Cybercrime complaints to the FBI exceeded 300,000 in 2017 with an estimated loss of almost $1,500,000,000. The thing is, the Department of Justice estimates that only 1 in 7 criminal incidents are ever reported. That brings the estimated totals to 2,100,000 incidents and $10,500,000,000 in losses. Why is that?
First of all, if you believed you caused the attack because of an error in judgment, chances are you aren’t going to be so fast in letting anyone know. Neither would your employees. Now, very few employees, fortunately, are going to actively work at allowing cyber intrusions into your network, but simply clicking on a deceptively realistic looking phishing or spear-phishing email can open the door. Companies with effective in-house or managed IT support providers can usually determine whose mistake it was, but for many small to mid-sized businesses, the unintentional culprit will never be found.
But in some ways, that’s beside the point. The point is that your employees should have been well-trained enough that they aren’t susceptible to this kind of fraud.
If you are the boss and you know about the cyber break-in, your attitude may be that it’s unlikely that the perpetrator will ever be found so why bother? You are also way more likely to pay a ransomware demand than report the crime. It just seems easier. Except that in about 20% of the cases, the de-encryption code you need to unlock your files either never arrives or doesn’t work. This 20% would have been much better off dealing with prevention than with trying to rectify a really tough situation.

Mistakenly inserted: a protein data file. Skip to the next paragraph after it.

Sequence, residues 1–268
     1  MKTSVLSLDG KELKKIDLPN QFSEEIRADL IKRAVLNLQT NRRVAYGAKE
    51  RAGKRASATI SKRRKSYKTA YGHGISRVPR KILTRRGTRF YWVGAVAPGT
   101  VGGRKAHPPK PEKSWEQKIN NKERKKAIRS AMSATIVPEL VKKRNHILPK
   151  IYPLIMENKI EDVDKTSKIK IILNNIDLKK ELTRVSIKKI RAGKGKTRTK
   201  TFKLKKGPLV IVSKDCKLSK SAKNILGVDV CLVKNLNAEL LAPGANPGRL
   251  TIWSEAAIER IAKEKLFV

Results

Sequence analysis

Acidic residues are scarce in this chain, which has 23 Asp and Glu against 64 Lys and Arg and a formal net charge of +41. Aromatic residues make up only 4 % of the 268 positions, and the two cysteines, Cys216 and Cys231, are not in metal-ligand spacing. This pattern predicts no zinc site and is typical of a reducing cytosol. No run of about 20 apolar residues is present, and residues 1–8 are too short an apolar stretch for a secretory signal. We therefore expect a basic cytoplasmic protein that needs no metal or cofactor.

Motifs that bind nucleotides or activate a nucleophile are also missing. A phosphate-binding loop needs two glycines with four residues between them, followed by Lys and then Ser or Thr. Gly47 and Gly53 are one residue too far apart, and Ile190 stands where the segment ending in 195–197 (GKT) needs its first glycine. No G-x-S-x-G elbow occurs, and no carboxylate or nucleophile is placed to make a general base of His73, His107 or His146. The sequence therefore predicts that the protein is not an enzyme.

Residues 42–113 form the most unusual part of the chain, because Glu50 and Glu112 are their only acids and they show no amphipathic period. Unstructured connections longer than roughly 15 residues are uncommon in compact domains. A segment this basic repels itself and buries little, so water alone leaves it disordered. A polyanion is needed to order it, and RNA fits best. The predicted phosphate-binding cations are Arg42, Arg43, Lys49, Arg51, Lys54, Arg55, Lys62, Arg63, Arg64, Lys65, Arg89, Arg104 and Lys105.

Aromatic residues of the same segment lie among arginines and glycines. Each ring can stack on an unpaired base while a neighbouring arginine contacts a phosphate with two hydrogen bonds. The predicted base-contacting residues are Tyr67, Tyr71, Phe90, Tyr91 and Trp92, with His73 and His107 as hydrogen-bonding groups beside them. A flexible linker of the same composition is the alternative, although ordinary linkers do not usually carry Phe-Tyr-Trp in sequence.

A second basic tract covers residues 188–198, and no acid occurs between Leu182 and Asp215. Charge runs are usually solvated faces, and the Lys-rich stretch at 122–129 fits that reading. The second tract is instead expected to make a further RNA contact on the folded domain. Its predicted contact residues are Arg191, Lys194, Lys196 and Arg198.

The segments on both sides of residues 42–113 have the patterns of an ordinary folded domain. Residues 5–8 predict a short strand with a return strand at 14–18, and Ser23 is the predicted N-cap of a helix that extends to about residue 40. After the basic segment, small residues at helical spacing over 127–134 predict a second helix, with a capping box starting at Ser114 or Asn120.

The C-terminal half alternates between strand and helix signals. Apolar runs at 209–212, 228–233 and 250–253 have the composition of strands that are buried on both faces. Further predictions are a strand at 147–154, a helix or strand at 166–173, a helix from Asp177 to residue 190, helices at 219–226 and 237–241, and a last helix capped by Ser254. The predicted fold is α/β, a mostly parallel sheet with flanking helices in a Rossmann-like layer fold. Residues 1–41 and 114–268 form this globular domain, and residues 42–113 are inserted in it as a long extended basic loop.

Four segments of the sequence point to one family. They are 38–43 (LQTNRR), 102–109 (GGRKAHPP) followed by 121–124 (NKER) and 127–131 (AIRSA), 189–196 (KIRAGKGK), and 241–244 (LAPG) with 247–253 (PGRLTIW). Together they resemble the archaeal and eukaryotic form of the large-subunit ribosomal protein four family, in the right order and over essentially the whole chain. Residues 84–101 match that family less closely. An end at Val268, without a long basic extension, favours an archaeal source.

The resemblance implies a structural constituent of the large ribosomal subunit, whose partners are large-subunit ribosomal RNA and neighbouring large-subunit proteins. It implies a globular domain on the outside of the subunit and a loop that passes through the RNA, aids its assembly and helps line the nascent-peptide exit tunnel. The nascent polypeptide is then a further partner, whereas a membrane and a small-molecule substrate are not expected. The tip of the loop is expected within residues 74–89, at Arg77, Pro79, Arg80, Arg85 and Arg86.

There is another growing area of cyber-crime, although it is not committed through entry into your IT infrastructure. This is IT support fraud and in 2016 there were more than 10,000 cases reported. Again, law enforcement believes the 10,000 are the tip of the iceberg. The reported losses were $800 each on average. Most of these were perpetrated against individuals, not businesses, but in today’s work-world, with many people using their own devices for work, sensitive business information that resides on an employee’s personal laptop may be stolen and used for illegitimate purposes.
The gist of this blog is to encourage two things: first, report all cyber-crime. You can never tell which case will be the one to break open a crime ring. Second, make sure your employees are well-trained in cyber-crime prevention. Fact: most ransomware and other malware intrusions are caused by employee errors that can be prevented.